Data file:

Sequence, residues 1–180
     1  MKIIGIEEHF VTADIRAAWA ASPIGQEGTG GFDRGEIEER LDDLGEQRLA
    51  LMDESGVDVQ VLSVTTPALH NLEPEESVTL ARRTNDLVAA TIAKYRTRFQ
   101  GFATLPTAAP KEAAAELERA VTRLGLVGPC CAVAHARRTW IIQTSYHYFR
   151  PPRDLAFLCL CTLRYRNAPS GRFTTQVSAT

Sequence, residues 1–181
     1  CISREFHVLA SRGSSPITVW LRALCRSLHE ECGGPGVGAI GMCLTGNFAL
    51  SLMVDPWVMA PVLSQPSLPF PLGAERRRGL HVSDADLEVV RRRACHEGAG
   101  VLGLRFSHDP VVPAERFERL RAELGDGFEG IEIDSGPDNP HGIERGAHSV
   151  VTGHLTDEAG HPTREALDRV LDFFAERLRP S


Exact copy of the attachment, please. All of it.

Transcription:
Sequence, residues 1–180
     1  MKIIGIEEHF VTADIRAAWA ASPIGQEGTG GFDRGEIEER LDDLGEQRLA
    51  LMDESGVDVQ VLSVTTPALH NLEPEESVTL ARRTNDLVAA TIAKYRTRFQ
   101  GFATLPTAAP KEAAAELERA VTRLGLVGPC CAVAHARRTW IIQTSYHYFR
   151  PPRDLAFLCL CTLRYRNAPS GRFTTQVSAT

Sequence, residues 1–181
     1  CISREFHVLA SRGSSPITVW LRALCRSLHE ECGGPGVGAI GMCLTGNFAL
    51  SLMVDPWVMA PVLSQPSLPF PLGAERRRGL HVSDADLEVV RRRACHEGAG
   101  VLGLRFSHDP VVPAERFERL RAELGDGFEG IEIDSGPDNP HGIERGAHSV
   151  VTGHLTDEAG HPTREALDRV LDFFAERLRP S